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Bagging It

Many grocers are considering taking away self-checkout lanes. Is it too soon to give up?



Almost everyone’s got some horror story about using the self-checkout lane at the grocery store. The time when you forgot you had a six-pack in your cart and had to wait five minutes for someone to come over and check your ID. The produce code you couldn’t find (on the head of romaine lettuce or when you used the “Look up Code” button on their computer system). Or the 74 times your kid touched the scanner/scale, causing the whole system to shut down with an error message: “Unexpected item. Wait for assistance.”

Waiting. Errors. Waiting. I thought this was supposed to be convenient, not to mention wave-of-the-future-esque? Well, calm down. You might not even have the option of self-checkout in the near future.

A study by the Food Marketing Institute (Arlington, Va.) found only 16 percent of supermarket transactions in 2010 were done at self-checkout lanes ¬– a decline from a high of 22 percent three years ago. In fact, shoppers say they’re more satisfied with their grocery shopping experience when they use traditional cashier-staffed lanes.

So 10 years after introducing this modern convenience, some grocers are ready to bag it.

Big Y Foods, which operates more than 60 locations in Connecticut and Massachusetts, is phasing out the self-serve lanes. Boise, Idaho-based Albertsons LLC has reduced its unstaffed lanes and added more clerks to traditional lanes. Kroger (Cincinnati), on the other hand, says it’s staying with them because customers like it, according to an Associated Press article.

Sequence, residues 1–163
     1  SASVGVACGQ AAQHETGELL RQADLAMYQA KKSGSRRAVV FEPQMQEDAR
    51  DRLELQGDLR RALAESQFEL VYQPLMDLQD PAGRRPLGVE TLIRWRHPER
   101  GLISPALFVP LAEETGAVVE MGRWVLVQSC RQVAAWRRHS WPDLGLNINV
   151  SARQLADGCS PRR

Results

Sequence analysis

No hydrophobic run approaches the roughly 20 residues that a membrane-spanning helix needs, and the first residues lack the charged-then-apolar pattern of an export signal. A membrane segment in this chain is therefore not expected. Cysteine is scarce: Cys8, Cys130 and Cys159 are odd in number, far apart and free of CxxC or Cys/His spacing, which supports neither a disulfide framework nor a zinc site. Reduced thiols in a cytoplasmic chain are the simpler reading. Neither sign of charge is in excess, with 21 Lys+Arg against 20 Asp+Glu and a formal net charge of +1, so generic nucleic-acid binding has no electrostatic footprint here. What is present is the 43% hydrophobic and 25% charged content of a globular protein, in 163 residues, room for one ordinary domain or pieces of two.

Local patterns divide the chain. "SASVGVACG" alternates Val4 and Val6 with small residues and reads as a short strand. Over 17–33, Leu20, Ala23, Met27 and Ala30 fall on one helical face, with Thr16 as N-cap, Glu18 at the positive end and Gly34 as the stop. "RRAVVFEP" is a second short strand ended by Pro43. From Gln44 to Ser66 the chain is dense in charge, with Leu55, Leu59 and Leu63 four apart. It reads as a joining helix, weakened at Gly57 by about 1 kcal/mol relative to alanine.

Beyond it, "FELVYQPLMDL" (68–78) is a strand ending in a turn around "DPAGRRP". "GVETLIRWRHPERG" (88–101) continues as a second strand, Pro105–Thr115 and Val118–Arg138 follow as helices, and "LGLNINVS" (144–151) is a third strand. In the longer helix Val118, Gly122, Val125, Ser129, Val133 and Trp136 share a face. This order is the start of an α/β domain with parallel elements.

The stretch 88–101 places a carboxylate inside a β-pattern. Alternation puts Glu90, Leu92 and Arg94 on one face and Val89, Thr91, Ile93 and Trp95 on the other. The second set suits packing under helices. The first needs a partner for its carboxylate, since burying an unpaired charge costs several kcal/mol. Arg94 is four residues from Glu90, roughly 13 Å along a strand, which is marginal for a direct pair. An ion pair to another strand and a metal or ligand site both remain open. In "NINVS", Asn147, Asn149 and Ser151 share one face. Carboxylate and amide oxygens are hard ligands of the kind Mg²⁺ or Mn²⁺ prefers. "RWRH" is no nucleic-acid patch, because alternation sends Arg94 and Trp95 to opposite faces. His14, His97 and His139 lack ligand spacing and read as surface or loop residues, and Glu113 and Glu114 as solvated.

While self-serve lanes were supposed to be a bonus to shoppers, allowing us to scan, bag and pay for our items quickly and without hassle (while offering retailers anticipated labor savings), the reality has been short of perfect. Some shoppers embraced them while others were confused, annoyed, angered. That, in turn, annoyed the guy behind them, patiently waiting for his turn to scan a loaf of bread and milk and get out the door in less than five minutes.


My point is that it’s the implementation – not the technology – that needs the help here. We keep hearing that in-store technology is great as long as you make it seamless for the shopper. That means better signage at the scanner so it’s intuitive where I put my coupons, scan my loyalty card and pay. Also, have an employee (ideally, even several) standing there alert and ready to help me at a moment’s notice. And keep those traditional lanes open, especially during peak hours on a busy weekend. It’s about knowing your shoppers, their traffic patterns and how to staff your store.

For me, I want self-serve when I’m running in for an item or two but I want a traditional lane on a Sunday afternoon for my weekly stock-up. You’ve given me a taste of convenience – now make it better.



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